When I was a child in immigrant Jewish Montreal, and would visit my grandmother at her home on Saturday afternoons (really, my Auntie Merche’s and Uncle Benny’s home), there were few adult sentences that weren’t also prayers of a kind. Surrounding me were uncles, aunts and cousins (my mother, estranged from my father, never came). Their affections were noisy, their Yiddish stories interesting and vaguely heroic. So it did not seem strange that every happiness was reported with Gott tzedank, “Thank God,” every plan or prediction with Im Yirtze Hashem, “God willing.”
If we worried about catching a cold, skidding the car, or flunking a test, there was the mandatory “God forbid.” A new shirt would elicit, “May you wear it well and tear it well.” If I sneezed while someone was remembering a dead relative, an aunt would pull my ear: Tzegesunt. If my sister looked particularly beautiful, another aunt would say Keinahora, a warding off of the evil eye. Any age was blessed as a step to 120 years: “Bishundredtundvantzik!” God was everywhere, mute, motionless, attentive—on our side, somehow. (I would not experience such compassionate silence again until the end of my psychoanalysis.)
I suppose I don’t have to add that (unlike psychoanalysis) very little in my family circle encouraged what I later understood to be independent thought, at least not beyond the givens of public decorum and private disgrace. Whatever good we did in the world was considered a mitzvah, something ordered, preordained, in a way. Sex and disease were not spoken of: they were like snakes in the grass. My aunt’s cancer, like my mother’s loss of my father’s affections, were more or less their quiet shame. It was the responsibility of cousins to save our aunts particularly from the disquiet of hearing about such things.
And insofar as we had a politics, it began as a reflexive defensiveness, the chance to prove our fidelity to the Jewish people, whose innocence might be extrapolated from its suffering. Beyond the family was a realm of duty. There was the need for vigilance against the goyim. There was the utter justice of Israel. There was the need to show strangers a pure welcome. There was a need to get “A”s, and to doubt the decency of youth who didn’t strive to. (Out of 15 cousins, 100% got at least one university degree.)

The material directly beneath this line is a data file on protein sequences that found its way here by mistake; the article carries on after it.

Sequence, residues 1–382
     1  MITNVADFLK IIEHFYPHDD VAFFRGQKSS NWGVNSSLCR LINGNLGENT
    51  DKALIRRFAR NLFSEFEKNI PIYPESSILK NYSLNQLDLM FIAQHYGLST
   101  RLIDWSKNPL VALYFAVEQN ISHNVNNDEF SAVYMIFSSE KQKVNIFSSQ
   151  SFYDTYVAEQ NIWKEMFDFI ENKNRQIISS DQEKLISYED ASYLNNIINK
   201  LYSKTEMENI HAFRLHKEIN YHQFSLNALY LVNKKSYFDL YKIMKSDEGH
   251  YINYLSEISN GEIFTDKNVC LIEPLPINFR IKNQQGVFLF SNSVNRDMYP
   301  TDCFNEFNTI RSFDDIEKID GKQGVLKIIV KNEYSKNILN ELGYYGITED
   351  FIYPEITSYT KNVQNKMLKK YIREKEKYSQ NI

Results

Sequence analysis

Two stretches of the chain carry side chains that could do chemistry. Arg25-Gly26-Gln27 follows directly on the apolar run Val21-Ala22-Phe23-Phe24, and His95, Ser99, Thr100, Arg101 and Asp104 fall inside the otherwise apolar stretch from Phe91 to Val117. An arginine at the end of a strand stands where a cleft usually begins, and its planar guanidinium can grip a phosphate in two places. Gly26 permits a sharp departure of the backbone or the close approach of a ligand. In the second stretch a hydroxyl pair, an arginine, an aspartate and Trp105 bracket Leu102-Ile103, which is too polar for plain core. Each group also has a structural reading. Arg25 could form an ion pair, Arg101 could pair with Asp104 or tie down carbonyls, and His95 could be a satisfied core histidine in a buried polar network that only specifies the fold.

People who were then called “freethinkers” were spoken of with cautious respect, but were also assumed to be tainted by instability and hubris. (My father’s restlessness was a case in point.) When our oldest cousin, legendary for his having finished MIT in 2 ½ years, married a minister’s daughter, and then began organizing for C.O.R.E., he became a non-person. Biting into shrimp was the point of no return. But once we started at McGill, enjoyed the openings of Quebec’s “Quiet Revolution,” took the mandatory courses in philosophy, literature, etc., most of us eventually passed that point.
I AM THINKING of this childhood now because I just saw Geert Wilders Web-film on Islam, Fitna. Like most, I am troubled by the film, but for an odd reason, perhaps. You see, I have myself spent a good deal of time in the markets, living rooms, and board rooms of Palestine, Morocco, Egypt, Jordan and Libya. At their most ordinary, these places have seemed to me much more like my grandmother’s home than a hostile civilization. Every Insh’allah and Hamdililah, every blessing for every plan and transaction, felt perfectly familiar. Even exaggerated acts of welcome, which could appear insincere at times, seemed an obvious effort to project the warmth and honor of the family onto the public realm.
Wilders may be right to imply that efforts of this kind can be oppressive, illiberal. I am not really disturbed by the film’s logic, that there is a connection between political violence and religious dogmatism: there are, indeed, all kinds of people who will rationalize unspeakable acts of violence and self-sacrifice by referring to texts they consider sacred. Nor do I reject Wilders’s insistence, much like V.S. Naipaul’s, that liberal societies are an achievement requiring vigilance and an absolute defense—that no book is truly sacred, while the right to interpret books is. (I wrote about this myself in The American Scholar in Spring, 2003.)
But what Wilders lacks is something gentle and simple, which is just what the dogmatic enemies he hates lack. I mean patience. There is the force of logic, but there is also the force of time.
IN A SEPARATE interview, Wilders refers to the Koran as a fascist book. As if Numbers and Samuel are not. As if big, warm families do not at first turn all young children into adorable little fascists who find it hard to give up on the intimacy of clan when thinking about politics. As if God is not the water we all begin swimming around in until we find ourselves stuck with the first-person singular and (let us call them) scientific doubts.
Which is why it does not seem strange to me how defensive Muslims have become when confronting stereotypical political cartoons like Wilders’s film. I can only imagine how my cousins and I would have reacted had we encountered slanderous cartoons of the Torah in the Western press, even as we shook off its strictures; imagine how empty the claim of freedom of speech would have sounded to us back in the 1950s.
I remember the solidarity we hungered for and reveled in whenever Israel was under attack by “the Arabs,” or Judaism by Christians who wanted to save us. Thank God, what we mostly got at McGill was an introduction to what has been thought, said, and done. Also some years of peace to learn how to leave home.